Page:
Lawyer’s Advocacy in Arbitrations: No. 5 of the Top 10 Horrible, Terrible, No Good Mistakes Lawyers MakeDavid K. Taylor, Bradley Arant Boult Cummings, Nashville, TN
dtaylor@bradley.com

615-252-2396

This post is a continuation of the Top 10 most horrible, terrible, no good, “bang your head against the door” mistakes that I have seen lawyers make before, during, and after arbitrations in which I served as the arbitrator. As stated in the previous

Contract, Project, and Arbitration in Florida? State Has Personal Jurisdiction Over Action to Enforce Arbitration AwardOn June 24, 2020, in Sayers Constr., LLC v. Timberline Constr., Inc., et al., a Florida District Court of Appeal affirmed a trial court’s denial of a contractor’s motion to dismiss. The contractor moved to dismiss for lack of personal jurisdiction in a dispute with a subcontractor over confirmation of an arbitration award. The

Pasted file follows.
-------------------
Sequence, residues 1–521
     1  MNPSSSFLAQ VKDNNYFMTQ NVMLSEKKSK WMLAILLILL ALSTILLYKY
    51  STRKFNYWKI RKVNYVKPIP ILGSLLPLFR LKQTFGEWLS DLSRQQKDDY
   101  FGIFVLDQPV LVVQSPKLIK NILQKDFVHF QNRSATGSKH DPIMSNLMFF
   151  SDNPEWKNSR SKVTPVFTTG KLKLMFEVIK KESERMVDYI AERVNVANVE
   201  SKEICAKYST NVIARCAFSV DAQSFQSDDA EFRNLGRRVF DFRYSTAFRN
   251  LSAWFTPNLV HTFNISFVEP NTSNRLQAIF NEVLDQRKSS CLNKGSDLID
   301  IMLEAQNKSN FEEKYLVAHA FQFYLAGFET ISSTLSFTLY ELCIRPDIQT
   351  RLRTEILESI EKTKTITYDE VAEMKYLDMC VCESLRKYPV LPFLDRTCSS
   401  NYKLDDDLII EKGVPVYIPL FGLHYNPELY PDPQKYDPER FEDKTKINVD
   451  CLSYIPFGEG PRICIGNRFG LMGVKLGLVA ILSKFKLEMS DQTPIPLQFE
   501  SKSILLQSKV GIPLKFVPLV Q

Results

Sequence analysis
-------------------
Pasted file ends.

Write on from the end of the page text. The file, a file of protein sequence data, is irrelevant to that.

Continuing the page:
Watch Your Stipulation! Award Confirmed Despite Arbitrator Exceeding Contractual Scope of AuthorityOnce parties agree to arbitrate, courts generally defer to the arbitrator’s judgment regarding resolution of a dispute. The prevailing approach in many states is to not set aside an arbitration award unless the arbitrator clearly exceeded his or her authority and to exercise every reasonable assumption in favor of the validity of an award. The